Annealing: makes steel soft

Normalizing: removes stresses from steel, makes steel harder than annealing but softer than hardening, it  will be tougher too

Hardening: heating above the critical temperature for that alloy and then quenching in the PROPER quenchant makes steel as hard as it will get and therefore the most brittle too.

Tempering: heating to a much lower temperature and trading some of the hardness from quenching for toughness.

Note you have to use an alloy that will profit from these steps; example very low carbon steel will not harden even when quenched in cold water.  Some high alloy steels are very difficult to anneal or normalize as they harden in air.

If you don't know about tempering you shouldn't be hardening steel!  *ANY* good blacksmithing book will explain hardening and tempering in it as one of the basic steps in smithing of higher carbon alloys. Please don't go with what Hollywood and Fantasy books and games tell you about smithing. Learn the real stuff!

 

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I found this article very instructive when I started making punches and such.  I think it is a great place to start.

http://www.bamsite.org/tips/heat.pdf

Enjoy learning about what treating.  It really was eye-opening and exciting to me when I began to learn exactly how complex steel was.  Heat treatment opens up limitless possibilities for what you can do with a given steel (assuming it has carbon enough to harden even a little).  It also opens you up to a world of errors and hard lessons.

Lou

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37 minutes ago, Lou L said:

I found this article very instructive when I started making punches and such.  I think it is a great place to start.

http://www.bamsite.org/tips/heat.pdf

Enjoy learning about what treating.  It really was eye-opening and exciting to me when I began to learn exactly how complex steel was.  Heat treatment opens up limitless possibilities for what you can do with a given steel (assuming it has carbon enough to harden even a little).  It also opens you up to a world of errors and hard lessons.

Lou

That's a handy link, thanks for bringing it to my attention. 

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I appreciate all the responses, good thing I was trying my hand at heat treating or I wouldn't have learned anything.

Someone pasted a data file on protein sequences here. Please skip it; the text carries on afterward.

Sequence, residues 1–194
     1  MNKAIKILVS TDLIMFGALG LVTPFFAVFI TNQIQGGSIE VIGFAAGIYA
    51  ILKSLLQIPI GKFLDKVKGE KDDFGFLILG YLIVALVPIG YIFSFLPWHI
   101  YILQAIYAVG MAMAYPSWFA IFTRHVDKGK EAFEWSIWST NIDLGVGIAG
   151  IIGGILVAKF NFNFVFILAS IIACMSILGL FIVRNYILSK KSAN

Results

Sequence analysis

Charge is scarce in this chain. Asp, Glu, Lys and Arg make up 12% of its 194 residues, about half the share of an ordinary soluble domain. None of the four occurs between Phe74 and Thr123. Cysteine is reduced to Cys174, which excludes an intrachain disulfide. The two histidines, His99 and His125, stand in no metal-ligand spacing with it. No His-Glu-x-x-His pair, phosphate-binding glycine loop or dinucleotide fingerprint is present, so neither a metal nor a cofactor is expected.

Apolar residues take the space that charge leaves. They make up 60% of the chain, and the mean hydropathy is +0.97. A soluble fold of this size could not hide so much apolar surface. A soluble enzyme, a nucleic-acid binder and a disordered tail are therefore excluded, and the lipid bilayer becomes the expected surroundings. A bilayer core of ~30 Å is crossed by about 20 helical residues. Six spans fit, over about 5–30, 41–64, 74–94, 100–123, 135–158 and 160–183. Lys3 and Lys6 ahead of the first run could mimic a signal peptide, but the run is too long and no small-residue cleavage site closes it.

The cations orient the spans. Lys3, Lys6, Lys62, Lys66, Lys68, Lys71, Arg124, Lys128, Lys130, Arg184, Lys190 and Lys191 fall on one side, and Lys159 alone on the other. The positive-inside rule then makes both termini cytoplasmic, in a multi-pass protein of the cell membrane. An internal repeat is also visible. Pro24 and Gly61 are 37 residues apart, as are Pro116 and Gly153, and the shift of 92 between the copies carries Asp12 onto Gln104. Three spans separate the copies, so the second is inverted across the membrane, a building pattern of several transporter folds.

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I learned long ago that I will never live long enough to make *all* the mistakes; so I try to avoid making the well documented "easy" ones and specialize in the oddball if not outre ones. Remember the old saw about methods of learning and the electric fence!

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I don't bother heat treating my punches for hot steel, Its a waste of time as it will lose its temper anyways, and yes I remove it each hit. they hold up just fine, and it doesn't take but 15 minutes to make a punch.

                                                                                                                        Littleblacksmith

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Depends on the alloy; some of the high alloy steels the tempering temp is in the glowing range!

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true, I should have said I don't bother heat treating punches made from coil spring, very good point! Now, If I was to make a punch from H13, I think I would.:)

                                                                                                             Littleblacksmith

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Some time ago, a fellow smith made a fuller out of a railroad spring clip.  These are fairly high carbon, and must be treated carefully.  He had an accident in which the tool shattered while he was using it.  He said it just sort of crumbled, and he was not injured.  He gave me the other piece from the same spring.  This was very scary, so I wasn't going to use it without looking it over very well.  First, I determined that the tool had been tempered, since a file could cut it easily.  Then, I looked at it very carefully.  There was a tiny crack where the sharper part of the curve was straightened.  I figured that it would be a good idea to file out the crack.  Anyway, every time I thought I had gotten through it, there still seemed to be a little bit left.  Finally, it became clear that the crack was very deep.  I eventually ended up filing almost half the thickness away before getting to the bottom of that crack.  Eventually, it became more driven by curiosity than the desire to salvage the tool.  Despite the huge notch in the middle, this has become one of my favorite fullers for light detailed work.  It has lasted for many years and has produced hundreds, if not thousands of items, most of which sold.